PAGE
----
Outdoor Adventures with Gary Lee - Vol. 66
Two hurricanes are bearing down on the Gulf Coast and will hit before you read this in nearly the same place. Never before has this happened. Tell me the weather hasn’t gone wacky. Pray for these folks; I think they are going to need it.
Out west, there are over six hundred fires burning in California and a dry lightning storm rolled through there yesterday with over 12,000 more strikes, setting fires on the dry landscape. Over 500 homes have been burned and only five people have been killed so far. When you see the wall of flames coming down some of these valleys, it’s a wonder anyone escaped if they stayed. Tom Vawter sent me a picture of a house his brother sold just last week, which will not be there after this fire roars through that area. Over one million acres have already burned without much weather-related rain in sight. Most fires are only 12 to 17% contained. Outside resources are being sent from all over the country, even from other countries.
We got some much needed rain this week. Some places got much more than others. I only had a few light showers up by Number Four, but as I came down the Big Moose Road, I could see that it had rained a lot more down this way. I only had a half inch in my gauge, but some that morning got a thunderstorm that dropped more than three inches, a real gully washer.
This week I have been checking lakes near some of our core lakes to see if some of my banded loons have been staying there for the summer. Up at Twitchell lake, I’ve only seen two of the four banded loons there all summer. First, I went into South Pond one morning and saw a Loon as soon as I was on the water. This bird, I guess, hadn’t seen anyone in weeks, as he came right over to the boat and dove under it, showing me his bands. He stuck around the boat like I was going to feed him or maybe the boat was stirring up fish for him to catch because he stayed with me for about fifteen minutes, giving me time to photograph all his bands. He wasn’t more than fifteen feet from the boat, and he kept catching little bullheads, which I guess was good enough for him for breakfast. I didn’t find any nest sites there, but he was the male first banded in the west territory of Twitchell Lake in 2016.
I went back to the parking lot and had lunch, only to meet up with the owners of the Silver Lake property just going into camp. They said there was a pair of Loons on their lake and they had a chick. They asked what the Loons eat, as there are no fish present in the lake. I said they eat newts, polliwogs, cray fish and aquatic bugs. That was good news and that’s where I was going next. I biked in, as the road has been much improved. I glassed the lake and played a few calls. Only one single male Loon was on the lake and there were no chicks there. I didn’t see bands on this bird.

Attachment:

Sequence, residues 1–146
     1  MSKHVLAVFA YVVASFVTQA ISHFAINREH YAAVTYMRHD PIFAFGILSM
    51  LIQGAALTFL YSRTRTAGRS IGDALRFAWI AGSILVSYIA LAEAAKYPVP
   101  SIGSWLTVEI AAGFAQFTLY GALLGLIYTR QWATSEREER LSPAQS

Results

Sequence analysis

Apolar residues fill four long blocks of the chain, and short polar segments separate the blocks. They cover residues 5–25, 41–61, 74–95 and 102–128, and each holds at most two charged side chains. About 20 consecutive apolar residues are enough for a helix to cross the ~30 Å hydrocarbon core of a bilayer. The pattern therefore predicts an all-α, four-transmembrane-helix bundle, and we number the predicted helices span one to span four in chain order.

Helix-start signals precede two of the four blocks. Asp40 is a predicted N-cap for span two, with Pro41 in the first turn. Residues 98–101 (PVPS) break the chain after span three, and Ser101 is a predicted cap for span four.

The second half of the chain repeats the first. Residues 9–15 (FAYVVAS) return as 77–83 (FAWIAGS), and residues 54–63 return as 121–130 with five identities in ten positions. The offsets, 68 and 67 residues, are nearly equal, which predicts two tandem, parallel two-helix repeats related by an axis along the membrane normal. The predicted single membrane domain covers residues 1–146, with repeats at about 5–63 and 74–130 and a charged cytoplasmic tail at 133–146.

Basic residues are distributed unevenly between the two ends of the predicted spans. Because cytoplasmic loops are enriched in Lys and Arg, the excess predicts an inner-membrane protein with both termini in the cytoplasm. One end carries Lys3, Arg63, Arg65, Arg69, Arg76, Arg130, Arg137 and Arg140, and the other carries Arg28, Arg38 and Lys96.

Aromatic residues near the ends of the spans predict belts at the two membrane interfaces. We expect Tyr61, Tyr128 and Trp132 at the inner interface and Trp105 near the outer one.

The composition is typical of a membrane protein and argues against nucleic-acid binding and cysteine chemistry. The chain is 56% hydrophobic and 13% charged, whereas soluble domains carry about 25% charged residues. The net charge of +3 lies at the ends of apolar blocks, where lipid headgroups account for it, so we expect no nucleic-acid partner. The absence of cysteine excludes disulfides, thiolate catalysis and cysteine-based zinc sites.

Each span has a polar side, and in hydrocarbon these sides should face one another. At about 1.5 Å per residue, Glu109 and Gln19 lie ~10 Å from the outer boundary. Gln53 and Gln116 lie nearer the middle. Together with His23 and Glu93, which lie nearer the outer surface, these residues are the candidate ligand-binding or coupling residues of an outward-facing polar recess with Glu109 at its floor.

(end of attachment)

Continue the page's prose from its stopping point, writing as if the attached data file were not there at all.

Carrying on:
From there, I walked into Razorback and found another single female Loon fishing there. It didn’t show me any legs, so I don’t know if it was banded or not. It was catching fish, as I saw some little minnows around the shoreline, and I know the pond is stocked each year with trout. In all my wandering, this was the first time that I have ever been into these two bodies of water; Silver is completely private, and the state line goes right through Razorback, so only one side is open to public access. The trail there wasn’t too bad, only a couple blowdowns across the trail.
My large-flowered leafcup is just covered with yellow flowers and has so much foliage and flowers I have to rope it up. Joan Herrmann gave me this plant many years ago and it just keeps growing. People who visit always ask what the plant is because it is more like a large bush.
Does anyone know if Snowbird Lake, White Lake or Little Long Lake had Loon chicks this year? If so, give me a call 315 357-5150. Thanks.
One lunchtime this week, I was home and saw several birds working around the feeders, so I put up one net and it didn’t take long before I had a bird: one of my hummers, which I released. The next time, I looked out and had a few birds, all the biting kind, except for another hummer, which backed out as soon as I opened up the net for her to put it in reverse and away she went. Then I had to pick two Black Capped Chickadees, who are all bite, then two Purple Finch, who also bite, and then a juvenile Rose Breasted Grosbeak, who has a big bite, but I didn’t lose any skin in the banding process and on their way they flew.
The Grosbeak was all pink and orange on its underside, as it was just getting its adult feathers. One of the Purple Finch was a male and many of his feathers were new, as he was adding reds to his juvenile gray plumage. Most songbirds molt and get new feathers before their trip south. That’s why they are not doing much talking this time of the year, as they are short a few feathers and their escape is not as fast as it would be when they get all their new feathers back.
Still lots of baby turkeys and fawns trying to cross the highways, so slow down and give them the right of way, but that’s another story. See ya.